Cummings Final Push: A March on the Quad
Written by WZND Newsroom on November 2, 2020
NORMAL, Ill.- The Democratic candidate for State Representative of District 105 marched with about 10 students from Fell Hall to Rosa Parks Room in Watterson Towers to go vote early. A final push by Chemberly Cummings for the college vote. She said this isn’t about influencing voters but rather encouraging them.
“I think what is showing is what we’re seeing, also with people of color across this country. There’s an excitement that hasn’t been there. This community in a sense, I hate to say it, but they expect you not to vote in a sense. They don’t expect students to vote. But to show if we can come together and show, look at all these students who actually care about the community, and they want to have a voice in the community. I think this is no different,” said Cummings.
Cummings and multiple members of Illinois State college democrats stood outside Watterson Towers tucking away their signs to avoid campaigning at the polls.
Incumbent Republican State Representative Dan Brady will be on the ballot with Cummings this year.
Cummings said she’s getting her masters at George Washington University and that helps her relate to college students.
“Certainly with the age, you know, I am a little bit younger, are connections are a little bit closer. I’m also a grad student,” said Cummings. “I understand a lot of what’s going on at the collegiate level because I’m a collegiate student myself, so I know about the student loan issues, I know about some of the things grad students face.”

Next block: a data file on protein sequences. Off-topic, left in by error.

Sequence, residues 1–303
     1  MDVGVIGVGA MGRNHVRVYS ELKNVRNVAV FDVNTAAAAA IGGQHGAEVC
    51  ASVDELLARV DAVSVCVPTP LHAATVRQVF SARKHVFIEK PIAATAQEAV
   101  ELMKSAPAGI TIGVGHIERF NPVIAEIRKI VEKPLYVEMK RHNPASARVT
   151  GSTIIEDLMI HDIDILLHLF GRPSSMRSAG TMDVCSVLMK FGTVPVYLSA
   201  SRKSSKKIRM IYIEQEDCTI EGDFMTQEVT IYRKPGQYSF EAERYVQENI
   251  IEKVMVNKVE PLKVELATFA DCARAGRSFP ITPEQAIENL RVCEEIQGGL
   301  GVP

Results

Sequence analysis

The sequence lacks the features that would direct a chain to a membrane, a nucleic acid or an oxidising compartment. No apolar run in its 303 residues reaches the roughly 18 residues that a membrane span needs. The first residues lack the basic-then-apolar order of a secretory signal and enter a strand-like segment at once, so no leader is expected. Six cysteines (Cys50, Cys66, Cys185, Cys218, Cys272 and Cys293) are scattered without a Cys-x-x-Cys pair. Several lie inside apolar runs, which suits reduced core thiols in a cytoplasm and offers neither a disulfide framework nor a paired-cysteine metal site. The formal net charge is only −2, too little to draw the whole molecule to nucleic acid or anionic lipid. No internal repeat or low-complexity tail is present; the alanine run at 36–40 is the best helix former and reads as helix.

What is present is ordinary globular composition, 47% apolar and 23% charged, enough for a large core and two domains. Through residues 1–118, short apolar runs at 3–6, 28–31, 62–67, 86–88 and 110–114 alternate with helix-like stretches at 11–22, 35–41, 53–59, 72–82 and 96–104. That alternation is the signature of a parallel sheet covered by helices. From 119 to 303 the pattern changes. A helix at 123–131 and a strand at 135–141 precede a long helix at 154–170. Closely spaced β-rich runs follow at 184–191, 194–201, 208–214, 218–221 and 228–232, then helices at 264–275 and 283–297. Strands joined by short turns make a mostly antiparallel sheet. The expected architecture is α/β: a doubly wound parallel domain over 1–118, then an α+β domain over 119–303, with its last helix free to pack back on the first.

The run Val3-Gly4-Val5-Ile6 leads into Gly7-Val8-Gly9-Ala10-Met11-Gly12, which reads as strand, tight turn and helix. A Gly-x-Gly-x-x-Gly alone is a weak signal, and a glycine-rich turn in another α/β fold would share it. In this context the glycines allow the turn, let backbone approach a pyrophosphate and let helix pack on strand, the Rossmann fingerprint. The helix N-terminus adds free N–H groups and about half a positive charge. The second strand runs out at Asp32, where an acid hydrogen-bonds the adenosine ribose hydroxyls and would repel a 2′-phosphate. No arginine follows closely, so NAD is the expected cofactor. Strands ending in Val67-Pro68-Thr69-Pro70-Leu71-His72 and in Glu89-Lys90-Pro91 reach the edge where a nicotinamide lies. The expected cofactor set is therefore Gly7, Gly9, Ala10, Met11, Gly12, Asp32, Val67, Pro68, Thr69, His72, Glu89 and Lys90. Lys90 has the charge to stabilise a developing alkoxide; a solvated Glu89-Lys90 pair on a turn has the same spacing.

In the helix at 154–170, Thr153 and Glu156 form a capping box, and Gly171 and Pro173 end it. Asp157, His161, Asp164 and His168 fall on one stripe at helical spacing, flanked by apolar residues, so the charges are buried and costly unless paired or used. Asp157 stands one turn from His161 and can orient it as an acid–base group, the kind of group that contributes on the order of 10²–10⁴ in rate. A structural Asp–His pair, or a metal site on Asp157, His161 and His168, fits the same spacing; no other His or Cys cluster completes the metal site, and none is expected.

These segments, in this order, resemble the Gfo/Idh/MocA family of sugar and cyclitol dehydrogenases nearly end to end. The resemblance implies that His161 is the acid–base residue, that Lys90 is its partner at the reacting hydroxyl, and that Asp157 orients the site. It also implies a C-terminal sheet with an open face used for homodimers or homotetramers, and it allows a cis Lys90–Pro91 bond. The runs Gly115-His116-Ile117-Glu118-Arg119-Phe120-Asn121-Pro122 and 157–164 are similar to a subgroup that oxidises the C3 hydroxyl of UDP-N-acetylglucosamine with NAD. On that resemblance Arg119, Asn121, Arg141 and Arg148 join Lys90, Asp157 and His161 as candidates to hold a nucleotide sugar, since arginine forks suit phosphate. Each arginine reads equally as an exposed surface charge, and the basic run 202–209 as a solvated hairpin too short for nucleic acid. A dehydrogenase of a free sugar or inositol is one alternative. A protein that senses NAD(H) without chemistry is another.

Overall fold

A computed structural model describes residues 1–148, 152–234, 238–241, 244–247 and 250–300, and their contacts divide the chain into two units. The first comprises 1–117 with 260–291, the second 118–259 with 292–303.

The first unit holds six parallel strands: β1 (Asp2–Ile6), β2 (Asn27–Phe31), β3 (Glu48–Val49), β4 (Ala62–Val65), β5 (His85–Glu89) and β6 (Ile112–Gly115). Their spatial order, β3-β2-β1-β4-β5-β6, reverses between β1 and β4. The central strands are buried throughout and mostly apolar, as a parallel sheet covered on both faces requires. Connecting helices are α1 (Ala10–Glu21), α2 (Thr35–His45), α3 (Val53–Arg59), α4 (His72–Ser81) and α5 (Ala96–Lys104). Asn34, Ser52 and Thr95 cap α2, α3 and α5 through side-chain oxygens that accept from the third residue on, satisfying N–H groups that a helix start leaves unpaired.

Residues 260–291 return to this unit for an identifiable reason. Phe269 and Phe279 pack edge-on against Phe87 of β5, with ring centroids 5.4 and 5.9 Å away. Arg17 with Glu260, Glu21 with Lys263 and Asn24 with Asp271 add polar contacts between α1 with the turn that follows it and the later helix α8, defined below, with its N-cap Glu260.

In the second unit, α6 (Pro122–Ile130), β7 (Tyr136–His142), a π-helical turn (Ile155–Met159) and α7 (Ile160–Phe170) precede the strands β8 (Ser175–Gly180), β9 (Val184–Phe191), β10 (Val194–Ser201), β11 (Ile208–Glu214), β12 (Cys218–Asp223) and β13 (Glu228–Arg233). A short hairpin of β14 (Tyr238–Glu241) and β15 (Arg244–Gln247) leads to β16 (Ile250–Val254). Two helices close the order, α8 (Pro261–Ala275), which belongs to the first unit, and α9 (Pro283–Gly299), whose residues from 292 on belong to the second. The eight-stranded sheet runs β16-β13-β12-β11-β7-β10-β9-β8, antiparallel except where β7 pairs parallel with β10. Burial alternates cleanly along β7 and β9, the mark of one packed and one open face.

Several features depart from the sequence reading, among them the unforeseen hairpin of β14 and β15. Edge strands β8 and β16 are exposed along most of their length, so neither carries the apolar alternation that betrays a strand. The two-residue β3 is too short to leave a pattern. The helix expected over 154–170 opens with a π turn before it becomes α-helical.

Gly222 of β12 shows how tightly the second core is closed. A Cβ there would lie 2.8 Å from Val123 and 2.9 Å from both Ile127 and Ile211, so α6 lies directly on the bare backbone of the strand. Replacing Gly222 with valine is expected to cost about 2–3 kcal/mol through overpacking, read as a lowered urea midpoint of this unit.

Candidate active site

March organizer and intern for Cummings, Paige Malloy, has been campaigning for Cummings. In the past she has organized Cummings calendar, organized press releases, and had a role in glow it up during welcome week.
“She believes for fighting for other people. It’s not about politics, she says she doesn’t do politics, and that’s completely true. She’s just about making other peoples lives better all around,” said Malloy.
Finally reaching their destination, the ISU democrats listened to Cummings and her closing speech.
Cummings said when she was a college student she made the mistake of not voting her first year. What pushed her to vote was getting a local gas station in her rural area. She said voting means so much.
“The decisions we make today impacts you guys more than it impacts me because what we do today actually has the greatest impact 10 years from now,” said Cummings.